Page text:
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Monty Python's The Meaning of Life

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7th Level
1997
Genre:
Adventure, Puzzle
Theme:
Based on Other Media / Humour
Language:
English
Licence:
Commercial
System:
PC (Windows)
Views:
4135

Rating [?]

Mr Creosote:
2/6
Overall:
2/6
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Local Reviews

Mr Creosote (2016-07-07) [hide]

Avatar It's funny that Life of Brian, by far the most popular and successful Monty Python film, never got turned into a game. Complete Waste of Time may have been the software equivalent of Flying Circus and The Holy Grail was obviously the film of the same name, which was immediately followed by The Meaning of Life. Another 'game' oddity in a similar fashion as its predecessors.

Initially, the film's scenic structure is followed fairly closely: we follow life's inherent ridiculousness through the seven stages of man (including the colourfully titled 'fighting each other'). Still backdrops are taken from the film and the player is basically supposed to re-enact some of the well-known scenes. Clicking on highlighted hotspots will trigger silly occurences, which may or may not be entertaining depending on the player's previous level of exposure to Monty Python. Progress-related interaction, on the other hand, is mostly completely simplistic: those who remember the original film dialogue just need to click on the next person to say something. Failing that, simply clicking everywhere is sure to keep things moving.

After that, the game isn't yet won, however. Unexpectedly, three planes of existence (material, spiritual and dental) have to be waded through (looking suspiciously similar). And even after that, there are still a visit to Terry Gilliam's studio/attic/shed and numerous bugs standing in your way of learning life's ultimate secret.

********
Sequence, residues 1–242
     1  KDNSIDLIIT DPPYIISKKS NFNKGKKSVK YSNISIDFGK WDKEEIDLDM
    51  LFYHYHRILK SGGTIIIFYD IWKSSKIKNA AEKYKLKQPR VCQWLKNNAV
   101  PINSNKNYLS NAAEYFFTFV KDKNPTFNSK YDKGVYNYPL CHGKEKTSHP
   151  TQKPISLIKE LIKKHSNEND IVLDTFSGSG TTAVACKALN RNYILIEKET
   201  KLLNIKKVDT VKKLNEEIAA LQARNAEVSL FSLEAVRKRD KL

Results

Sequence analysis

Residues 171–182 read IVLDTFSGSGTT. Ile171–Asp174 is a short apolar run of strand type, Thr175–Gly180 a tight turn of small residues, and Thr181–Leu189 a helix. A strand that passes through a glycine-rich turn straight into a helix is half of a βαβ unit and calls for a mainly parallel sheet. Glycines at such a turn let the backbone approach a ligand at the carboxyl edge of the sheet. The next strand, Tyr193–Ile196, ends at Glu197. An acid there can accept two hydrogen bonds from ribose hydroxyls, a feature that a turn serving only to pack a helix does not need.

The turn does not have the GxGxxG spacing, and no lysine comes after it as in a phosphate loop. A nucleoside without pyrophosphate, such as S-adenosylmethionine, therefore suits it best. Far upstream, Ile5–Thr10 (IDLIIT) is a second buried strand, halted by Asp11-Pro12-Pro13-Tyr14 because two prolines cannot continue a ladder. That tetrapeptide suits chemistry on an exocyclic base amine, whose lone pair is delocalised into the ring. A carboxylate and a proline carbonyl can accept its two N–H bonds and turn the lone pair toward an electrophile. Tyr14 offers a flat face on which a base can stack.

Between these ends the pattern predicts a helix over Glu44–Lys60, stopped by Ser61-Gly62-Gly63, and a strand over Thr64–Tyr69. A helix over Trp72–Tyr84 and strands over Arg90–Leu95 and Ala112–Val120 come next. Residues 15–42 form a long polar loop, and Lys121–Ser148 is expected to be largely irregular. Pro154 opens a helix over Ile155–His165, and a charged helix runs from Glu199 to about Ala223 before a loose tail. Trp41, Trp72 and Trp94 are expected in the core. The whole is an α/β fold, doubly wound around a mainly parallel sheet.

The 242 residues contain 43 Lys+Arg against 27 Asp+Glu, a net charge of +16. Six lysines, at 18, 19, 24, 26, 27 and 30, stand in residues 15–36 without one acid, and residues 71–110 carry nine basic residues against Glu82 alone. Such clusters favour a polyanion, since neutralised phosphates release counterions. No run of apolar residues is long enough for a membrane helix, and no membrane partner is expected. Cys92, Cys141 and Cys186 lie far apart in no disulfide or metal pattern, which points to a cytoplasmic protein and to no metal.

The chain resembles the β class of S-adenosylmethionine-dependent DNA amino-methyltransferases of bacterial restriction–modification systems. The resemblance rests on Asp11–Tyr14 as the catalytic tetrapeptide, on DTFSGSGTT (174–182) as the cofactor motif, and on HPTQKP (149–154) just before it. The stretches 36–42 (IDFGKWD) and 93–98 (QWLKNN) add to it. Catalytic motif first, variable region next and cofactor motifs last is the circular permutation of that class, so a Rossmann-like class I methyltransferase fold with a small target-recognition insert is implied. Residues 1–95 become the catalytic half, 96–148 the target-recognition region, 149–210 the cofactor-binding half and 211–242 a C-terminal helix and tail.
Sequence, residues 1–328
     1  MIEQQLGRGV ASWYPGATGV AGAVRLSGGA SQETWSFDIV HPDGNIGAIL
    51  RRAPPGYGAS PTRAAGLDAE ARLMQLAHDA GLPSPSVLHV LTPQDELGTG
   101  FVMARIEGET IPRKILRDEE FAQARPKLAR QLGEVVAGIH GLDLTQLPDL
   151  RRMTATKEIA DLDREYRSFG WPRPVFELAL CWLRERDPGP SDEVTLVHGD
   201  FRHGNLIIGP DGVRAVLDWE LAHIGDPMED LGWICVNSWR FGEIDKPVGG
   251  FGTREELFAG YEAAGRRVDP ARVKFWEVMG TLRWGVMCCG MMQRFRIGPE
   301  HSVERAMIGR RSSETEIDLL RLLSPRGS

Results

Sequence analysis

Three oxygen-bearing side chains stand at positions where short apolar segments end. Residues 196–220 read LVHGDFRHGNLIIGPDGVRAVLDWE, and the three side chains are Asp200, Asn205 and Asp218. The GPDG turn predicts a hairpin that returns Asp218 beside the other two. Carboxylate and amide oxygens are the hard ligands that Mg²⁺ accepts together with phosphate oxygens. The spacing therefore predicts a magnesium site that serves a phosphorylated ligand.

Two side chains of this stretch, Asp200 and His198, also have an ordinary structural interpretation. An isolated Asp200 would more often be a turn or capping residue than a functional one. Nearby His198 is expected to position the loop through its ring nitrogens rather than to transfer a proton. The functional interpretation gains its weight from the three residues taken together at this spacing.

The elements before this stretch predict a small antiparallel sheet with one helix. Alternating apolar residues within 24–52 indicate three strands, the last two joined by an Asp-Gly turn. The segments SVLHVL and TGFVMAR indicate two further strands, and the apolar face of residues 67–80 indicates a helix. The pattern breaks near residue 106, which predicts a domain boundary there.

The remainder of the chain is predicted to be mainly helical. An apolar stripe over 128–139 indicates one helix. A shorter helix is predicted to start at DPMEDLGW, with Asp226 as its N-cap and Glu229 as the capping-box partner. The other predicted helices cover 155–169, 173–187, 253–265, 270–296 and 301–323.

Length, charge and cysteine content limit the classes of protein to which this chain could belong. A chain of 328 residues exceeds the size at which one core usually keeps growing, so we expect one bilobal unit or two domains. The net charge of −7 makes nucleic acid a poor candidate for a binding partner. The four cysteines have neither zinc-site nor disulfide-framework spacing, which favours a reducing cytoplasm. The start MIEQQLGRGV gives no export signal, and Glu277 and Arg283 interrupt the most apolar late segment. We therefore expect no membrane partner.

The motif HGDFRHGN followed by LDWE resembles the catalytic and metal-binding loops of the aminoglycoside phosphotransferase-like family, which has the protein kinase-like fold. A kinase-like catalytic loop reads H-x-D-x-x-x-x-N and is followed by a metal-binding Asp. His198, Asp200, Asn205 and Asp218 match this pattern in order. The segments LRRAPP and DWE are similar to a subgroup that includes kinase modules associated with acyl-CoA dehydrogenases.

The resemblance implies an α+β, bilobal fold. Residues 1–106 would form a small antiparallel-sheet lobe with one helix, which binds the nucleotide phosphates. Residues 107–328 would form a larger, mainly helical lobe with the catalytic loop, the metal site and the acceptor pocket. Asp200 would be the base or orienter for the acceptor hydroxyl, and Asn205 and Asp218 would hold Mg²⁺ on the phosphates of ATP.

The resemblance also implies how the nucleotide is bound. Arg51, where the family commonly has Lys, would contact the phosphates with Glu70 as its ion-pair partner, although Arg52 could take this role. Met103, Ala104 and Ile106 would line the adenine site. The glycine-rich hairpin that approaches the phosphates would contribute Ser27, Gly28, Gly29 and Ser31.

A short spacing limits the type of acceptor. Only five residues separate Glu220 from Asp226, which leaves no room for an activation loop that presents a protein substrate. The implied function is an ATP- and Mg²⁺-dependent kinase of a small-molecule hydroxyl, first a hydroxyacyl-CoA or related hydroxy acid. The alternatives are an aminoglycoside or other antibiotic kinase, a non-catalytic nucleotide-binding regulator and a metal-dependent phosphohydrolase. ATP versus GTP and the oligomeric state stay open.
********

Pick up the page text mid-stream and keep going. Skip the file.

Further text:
It could be said that these extra 'levels' attempt to be a bit more playful. Like in regular adventure games, objects can be picked up and used in (in-) appropriate fashion. Different interconnected locations need to be search and re-visited. Of course, in all the places, there is silliness to be found.

Unfortunately, the more the makers actually tried to turn the game into a real adventure, the more obvious the flaws in the game design become. The endless skipping between locations, each time interrupted by a 'moral philosophy' question (which may be giggleworthy at first, but soon turn into a chore), the tedious search for hotspots, the almost random effects the usage of objects may or may not have…

As in The Holy Grail, small puzzle games interrupt/spice up the game flow. Problem is that like in the other game, there really is little purpose to them in the given context and none of them are original creations, but rather old hats. Hell, there is even an annoyingly annoying maze full of hidden passages which have to be blasted open first!

Now, of course, everybody will shout: You, using this nickname, how dare you criticise the first noteworthy original Python material after 15 years of silence? It is true, all the remaining Pythons at the time are listed as contributors to the game design and they did indeed all contribute wholly original speech bits at least. So listen. I've given this long and careful thoughts… and it has to be medical experiments!